Page:Popular Science Monthly Volume 57.djvu/430

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420
POPULAR SCIENCE MONTHLY.

SCIENTIFIC RESULTS OF THE NORWEGIAN POLAR EXPEDITION, 1893-1896.[1]
By General A. W. GREELY, U.S. Army.

FEW Arctic expeditions have done so much to increase the world's knowledge as to the physical condition of large areas of the north polar zone as has that of the Fram, initiated and commanded by Dr. Fridtjof Nansen.

The expedition was unique in many respects. The Fram was a departure from the accepted models of Arctic ships; the route followed was one unindorsed by any Arctic authority. The ship was destined to drift unprecedented distances, beset by the enormous ice-pack of the Arctic ocean. The commander himself was not only to attain the highest north, but was to make a most hazardous journey, which was to have a successful and unexpected issue partly through the aid of another polar expedition whose location and existence were unknown to the expeditionary forces of the Fram. Electricity made the Arctic ship a glow of light, a phonograph brought well-known voices to cheer their hours of leisure. Indeed, every device that was deemed of value was utilized.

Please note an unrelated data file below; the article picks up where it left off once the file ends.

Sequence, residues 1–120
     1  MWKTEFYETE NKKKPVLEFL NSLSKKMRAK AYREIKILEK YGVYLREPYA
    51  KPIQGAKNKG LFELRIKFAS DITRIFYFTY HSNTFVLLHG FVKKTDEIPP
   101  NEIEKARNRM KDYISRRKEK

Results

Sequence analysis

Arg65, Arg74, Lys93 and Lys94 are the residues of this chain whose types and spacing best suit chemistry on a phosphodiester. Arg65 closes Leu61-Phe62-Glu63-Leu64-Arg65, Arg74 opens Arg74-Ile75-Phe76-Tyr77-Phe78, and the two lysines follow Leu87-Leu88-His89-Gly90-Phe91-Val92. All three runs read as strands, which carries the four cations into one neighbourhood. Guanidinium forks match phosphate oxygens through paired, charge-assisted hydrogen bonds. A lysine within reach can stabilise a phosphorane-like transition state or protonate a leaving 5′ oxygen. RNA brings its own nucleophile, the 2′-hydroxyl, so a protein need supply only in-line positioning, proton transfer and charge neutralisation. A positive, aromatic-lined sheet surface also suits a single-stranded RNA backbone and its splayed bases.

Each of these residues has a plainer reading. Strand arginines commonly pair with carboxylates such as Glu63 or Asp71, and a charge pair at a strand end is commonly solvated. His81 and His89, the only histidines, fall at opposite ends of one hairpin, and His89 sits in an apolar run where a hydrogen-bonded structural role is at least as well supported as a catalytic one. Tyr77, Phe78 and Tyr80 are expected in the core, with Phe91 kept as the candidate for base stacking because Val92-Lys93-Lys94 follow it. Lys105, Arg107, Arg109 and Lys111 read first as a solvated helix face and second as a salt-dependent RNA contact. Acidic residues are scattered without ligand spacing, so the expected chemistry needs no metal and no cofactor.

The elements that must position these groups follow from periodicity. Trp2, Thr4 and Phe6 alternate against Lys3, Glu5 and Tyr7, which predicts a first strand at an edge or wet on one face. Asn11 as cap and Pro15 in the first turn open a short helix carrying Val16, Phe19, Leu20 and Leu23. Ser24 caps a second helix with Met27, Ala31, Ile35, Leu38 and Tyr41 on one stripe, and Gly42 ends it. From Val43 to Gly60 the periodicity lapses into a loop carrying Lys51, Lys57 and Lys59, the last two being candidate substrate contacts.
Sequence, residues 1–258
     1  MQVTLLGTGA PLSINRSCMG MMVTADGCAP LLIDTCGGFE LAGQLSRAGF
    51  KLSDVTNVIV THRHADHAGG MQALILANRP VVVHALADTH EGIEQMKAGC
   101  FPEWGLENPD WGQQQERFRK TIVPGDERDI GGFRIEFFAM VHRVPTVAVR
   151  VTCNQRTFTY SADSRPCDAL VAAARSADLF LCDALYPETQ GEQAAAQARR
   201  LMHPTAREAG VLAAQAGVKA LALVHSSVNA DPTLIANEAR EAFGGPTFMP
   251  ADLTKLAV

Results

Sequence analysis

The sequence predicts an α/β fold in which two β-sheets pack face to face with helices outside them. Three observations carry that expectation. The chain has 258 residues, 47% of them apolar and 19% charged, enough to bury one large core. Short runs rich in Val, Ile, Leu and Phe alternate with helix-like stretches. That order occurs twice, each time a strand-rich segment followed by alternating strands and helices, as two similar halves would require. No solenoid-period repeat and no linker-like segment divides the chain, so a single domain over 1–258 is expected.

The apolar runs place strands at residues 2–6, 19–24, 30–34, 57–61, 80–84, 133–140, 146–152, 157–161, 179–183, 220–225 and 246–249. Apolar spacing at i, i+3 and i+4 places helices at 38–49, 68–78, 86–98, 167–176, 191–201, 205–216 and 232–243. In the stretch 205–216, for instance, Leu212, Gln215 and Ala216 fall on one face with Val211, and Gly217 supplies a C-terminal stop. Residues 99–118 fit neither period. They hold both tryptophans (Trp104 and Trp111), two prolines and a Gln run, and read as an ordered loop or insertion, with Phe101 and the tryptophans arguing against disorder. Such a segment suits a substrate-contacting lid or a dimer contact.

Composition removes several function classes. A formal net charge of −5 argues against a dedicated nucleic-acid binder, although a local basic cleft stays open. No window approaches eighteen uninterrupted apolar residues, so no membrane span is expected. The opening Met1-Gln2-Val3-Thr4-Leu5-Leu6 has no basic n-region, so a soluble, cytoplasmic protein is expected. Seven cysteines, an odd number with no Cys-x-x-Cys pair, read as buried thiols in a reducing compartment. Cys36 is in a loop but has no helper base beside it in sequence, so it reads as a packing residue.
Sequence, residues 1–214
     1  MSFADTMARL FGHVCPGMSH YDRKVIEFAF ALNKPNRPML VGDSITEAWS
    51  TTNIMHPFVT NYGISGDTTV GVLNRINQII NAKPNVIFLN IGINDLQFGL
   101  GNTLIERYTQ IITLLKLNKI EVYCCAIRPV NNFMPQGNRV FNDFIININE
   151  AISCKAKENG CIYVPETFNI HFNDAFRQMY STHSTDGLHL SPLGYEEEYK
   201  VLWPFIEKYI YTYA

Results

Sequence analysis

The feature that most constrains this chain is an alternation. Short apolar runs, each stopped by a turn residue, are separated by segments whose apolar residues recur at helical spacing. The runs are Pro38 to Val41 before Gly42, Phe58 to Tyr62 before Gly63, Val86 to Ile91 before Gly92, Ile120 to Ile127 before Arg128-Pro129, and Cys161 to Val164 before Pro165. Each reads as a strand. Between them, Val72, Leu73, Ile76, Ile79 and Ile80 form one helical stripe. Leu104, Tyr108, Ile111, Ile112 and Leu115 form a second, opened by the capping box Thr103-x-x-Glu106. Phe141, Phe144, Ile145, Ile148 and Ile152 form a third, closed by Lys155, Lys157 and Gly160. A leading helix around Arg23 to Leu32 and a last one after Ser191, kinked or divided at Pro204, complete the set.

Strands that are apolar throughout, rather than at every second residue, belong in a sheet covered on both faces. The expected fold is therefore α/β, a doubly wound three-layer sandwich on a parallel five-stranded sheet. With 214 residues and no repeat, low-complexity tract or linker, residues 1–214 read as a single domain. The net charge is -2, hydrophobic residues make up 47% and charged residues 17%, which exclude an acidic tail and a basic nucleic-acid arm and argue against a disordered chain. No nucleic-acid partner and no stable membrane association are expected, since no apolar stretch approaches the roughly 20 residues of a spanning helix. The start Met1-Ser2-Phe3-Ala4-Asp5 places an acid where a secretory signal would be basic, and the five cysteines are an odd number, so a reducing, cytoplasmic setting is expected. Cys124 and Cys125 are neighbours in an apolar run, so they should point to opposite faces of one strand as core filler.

The extent of the Arctic ocean traversed by the Fram is indicated by the simple fact that she passed over 120 degrees of longitude above the eightieth parallel of north latitude, a distance of one-third around the world on that parallel.

Nansen and Johansen, in an attempt to reach the Pole, left the Fram March 14, 1895, in about 84° N., 100 E., but after an uneventful journey with dogs, they were obliged to turn back on April 7, 1895, in latitude 86° 14' N. They aimed to reach Spitzbergen and after months of weary effort and varying fortunes, these two hardy men landed on the east coast of the Franz Josef archipelago. Coming winter forbade further progress, so they constructed a hut and subsisted on land and sea game that was fortunately abundant. In the spring of 1896, turning southward, they attempted to reach by the kyak the east coast of Spitzbergen, hoping to be picked up by Norwegian whalers who frequent those waters. Fortunately for them, they met in April, 1896, Jackson, the commander of the Jackson-Harmsworth expedition, near Cape Flora.

Meanwhile the Fram, continuing its westerly drift, in which it


  1. The Norwegian North Polar Expedition, 1893-1896. Scientific Results edited by Fridtjof Nansen. Vol. I. Longmans, Green & Co. N. Y., 1900. 1-16, 3 pl. 1-147, 3 pl 1-26, 2 pl. 1-53 pl. 1-137, 36 pl